holding that ordinance giving unnamed city officials discretion to allow some signs to remain while authorizing removal of others was unconstitutionalSummary of this case from Moon v. Mayor Charles Brown
January 31, 2000.
Charles Ruch, Jr., Kankakee, IL, for plaintiff.
Christopher Bohlen, City of Kankakee Corporate Counsel, Kankakee, IL, for defendants.
On December 15, 1999, Plaintiff Charles Lawson filed a Complaint for Declaratory Judgment, Injunctive and Other Relief (# 1). In that complaint, Plaintiff alleges various civil rights violations based on the City of Kankakee's (the "City") enforcement of an ordinance restricting the placement of signs on the City's property. In addition, on January 4, 2000, Plaintiff moved for a temporary restraining order to enjoin the City from enforcing the challenged ordinance. The court elected to treat the motion as one for a preliminary injunction, and heard evidence on January 14 and 21, 2000. For the following reasons, that motion (# 9) is GRANTED.
For the sake of simplicity, the court will refer to all Defendants as "the City."
On January 5, 1998, the City Council of Kankakee declared that the City suffered from an "epidemic of political and commercial signs, flyers and banners posted upon traffic control devices, light poles, telephone poles, fences and terraces without the permission of the owner, occupant or the City of Kankakee." To remedy this epidemic, the City passed an ordinance prohibiting the placement of signs "upon any private or public property without the consent of its owner or occupant." Kankakee, Ill., Ordinance Prohibiting the Unauthorized Placement of Signs 98-02 (January 5, 1998). Violators are subject to a fine and forfeit the illegally-placed sign to the property's owner.
Plaintiff owns several parcels of rental property in the city of Kankakee; at one time, these parcels included two adjoining properties. On June 13, 1997, Mayor Donald Green directed Defendant Gary Hammond ("Hammond"), Director of the City of Kankakee Department of Public Works (the "Department"), to post a sign in front of one of these adjoining properties declaring that property a slum and accusing Plaintiff of refusing to comply with the City's housing code. Plaintiff sold that property on October 27, 1999, but kept the neighboring parcel.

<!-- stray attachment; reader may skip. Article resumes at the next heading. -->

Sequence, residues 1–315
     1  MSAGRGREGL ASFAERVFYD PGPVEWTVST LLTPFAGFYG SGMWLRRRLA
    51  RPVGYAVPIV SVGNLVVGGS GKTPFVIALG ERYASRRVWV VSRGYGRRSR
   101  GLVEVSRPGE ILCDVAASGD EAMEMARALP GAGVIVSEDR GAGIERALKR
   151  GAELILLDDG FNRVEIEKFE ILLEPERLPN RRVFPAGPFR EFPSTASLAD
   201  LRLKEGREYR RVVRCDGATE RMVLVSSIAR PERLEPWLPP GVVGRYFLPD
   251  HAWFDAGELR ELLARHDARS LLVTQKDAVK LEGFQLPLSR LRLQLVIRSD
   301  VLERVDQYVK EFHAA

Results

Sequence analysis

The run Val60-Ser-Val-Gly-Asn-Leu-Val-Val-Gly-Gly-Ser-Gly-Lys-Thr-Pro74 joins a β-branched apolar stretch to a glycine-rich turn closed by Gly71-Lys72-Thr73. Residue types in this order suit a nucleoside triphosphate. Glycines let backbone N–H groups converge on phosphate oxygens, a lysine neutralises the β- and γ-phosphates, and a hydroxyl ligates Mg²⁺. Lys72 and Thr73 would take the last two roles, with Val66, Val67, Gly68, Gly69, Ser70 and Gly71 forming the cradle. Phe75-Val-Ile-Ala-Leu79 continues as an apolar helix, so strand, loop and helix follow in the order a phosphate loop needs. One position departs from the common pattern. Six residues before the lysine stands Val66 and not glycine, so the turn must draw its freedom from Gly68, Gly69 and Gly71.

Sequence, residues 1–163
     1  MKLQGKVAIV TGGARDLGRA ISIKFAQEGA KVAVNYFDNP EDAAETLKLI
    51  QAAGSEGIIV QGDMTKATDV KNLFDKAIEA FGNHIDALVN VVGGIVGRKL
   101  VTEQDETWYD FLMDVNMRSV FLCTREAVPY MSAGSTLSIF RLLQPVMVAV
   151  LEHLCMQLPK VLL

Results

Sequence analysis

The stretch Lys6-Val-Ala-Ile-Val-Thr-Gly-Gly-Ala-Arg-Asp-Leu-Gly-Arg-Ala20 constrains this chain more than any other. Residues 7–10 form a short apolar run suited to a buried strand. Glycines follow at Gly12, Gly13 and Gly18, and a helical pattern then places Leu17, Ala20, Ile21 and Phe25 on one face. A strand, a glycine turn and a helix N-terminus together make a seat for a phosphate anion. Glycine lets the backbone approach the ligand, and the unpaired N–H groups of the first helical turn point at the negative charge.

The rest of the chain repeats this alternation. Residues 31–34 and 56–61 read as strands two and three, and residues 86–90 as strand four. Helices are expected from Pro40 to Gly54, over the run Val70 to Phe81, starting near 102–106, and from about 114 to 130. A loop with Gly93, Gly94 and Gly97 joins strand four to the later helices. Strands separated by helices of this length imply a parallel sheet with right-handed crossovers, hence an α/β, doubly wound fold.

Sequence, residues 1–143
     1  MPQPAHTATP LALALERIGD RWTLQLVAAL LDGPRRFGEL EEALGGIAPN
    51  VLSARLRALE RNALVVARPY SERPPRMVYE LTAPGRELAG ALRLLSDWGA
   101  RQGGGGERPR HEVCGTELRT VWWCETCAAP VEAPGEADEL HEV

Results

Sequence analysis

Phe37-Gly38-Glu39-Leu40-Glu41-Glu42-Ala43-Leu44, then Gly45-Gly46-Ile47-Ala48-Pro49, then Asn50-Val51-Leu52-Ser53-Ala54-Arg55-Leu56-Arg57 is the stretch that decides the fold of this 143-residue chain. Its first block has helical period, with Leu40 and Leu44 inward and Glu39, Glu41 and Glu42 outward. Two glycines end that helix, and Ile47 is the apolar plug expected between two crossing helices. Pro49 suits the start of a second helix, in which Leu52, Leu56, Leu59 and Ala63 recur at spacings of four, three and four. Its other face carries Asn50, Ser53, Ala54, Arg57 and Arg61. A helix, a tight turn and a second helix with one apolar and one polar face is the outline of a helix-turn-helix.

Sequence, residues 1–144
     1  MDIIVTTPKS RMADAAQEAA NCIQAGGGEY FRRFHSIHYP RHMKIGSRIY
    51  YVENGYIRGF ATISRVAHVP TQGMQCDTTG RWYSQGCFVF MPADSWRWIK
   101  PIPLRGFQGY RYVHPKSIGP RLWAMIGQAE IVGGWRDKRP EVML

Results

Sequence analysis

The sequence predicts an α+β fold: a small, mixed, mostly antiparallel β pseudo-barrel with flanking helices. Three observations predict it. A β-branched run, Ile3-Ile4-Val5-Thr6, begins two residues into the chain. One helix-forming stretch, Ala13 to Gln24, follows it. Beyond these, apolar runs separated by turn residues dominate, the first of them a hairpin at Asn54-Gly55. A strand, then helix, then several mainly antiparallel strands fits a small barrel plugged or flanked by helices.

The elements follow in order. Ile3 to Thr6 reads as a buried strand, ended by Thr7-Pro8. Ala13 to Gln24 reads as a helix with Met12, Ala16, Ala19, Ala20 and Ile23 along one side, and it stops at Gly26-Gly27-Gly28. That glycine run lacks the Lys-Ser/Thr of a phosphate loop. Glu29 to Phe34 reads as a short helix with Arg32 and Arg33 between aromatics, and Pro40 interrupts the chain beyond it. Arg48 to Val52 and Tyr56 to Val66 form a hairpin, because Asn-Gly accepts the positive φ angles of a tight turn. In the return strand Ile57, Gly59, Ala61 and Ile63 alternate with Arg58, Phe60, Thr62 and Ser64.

The City's sign is currently the subject of another lawsuit pending before this court against the Mayor and City Attorney Christopher Bohlen. In that suit, Plaintiff alleges that the defendants placed the disparaging sign on his property to retaliate against him for exercising his First Amendment rights.
On November 22, 1999, Plaintiff placed a sign in front of the property he still owned. He placed this sign near the City's sign, which remained despite Plaintiffs sale of that property. Plaintiffs sign read: "Mayor Don Green is unfair to landlords, his City sign is an attack on free speech in the 1st Amendment. Call the Mayor at home: 939-2897 and tell him to take down his sign." Both the City's sign and Plaintiffs sign were placed on the area between the sidewalk and the curb, known as the "terrace." The following day, a newspaper reporter contacted Hammond to tell him about the sign. Because the City considers itself the owner of terrace areas, Hammond immediately directed his crew to remove the sign under the ordinance restricting signs posted on public property. Hammond personally supervised the sign's removal.
Plaintiff retrieved the sign several days later, and promptly placed it back on the terrace. The sign remained there until December 3, when Department employees removed it again, along with the City's slum sign on the adjacent terrace. Plaintiff retrieved his sign from the Department, and erected it a third time on December 16. The sign remained standing until December 23, when Department employees removed it once again.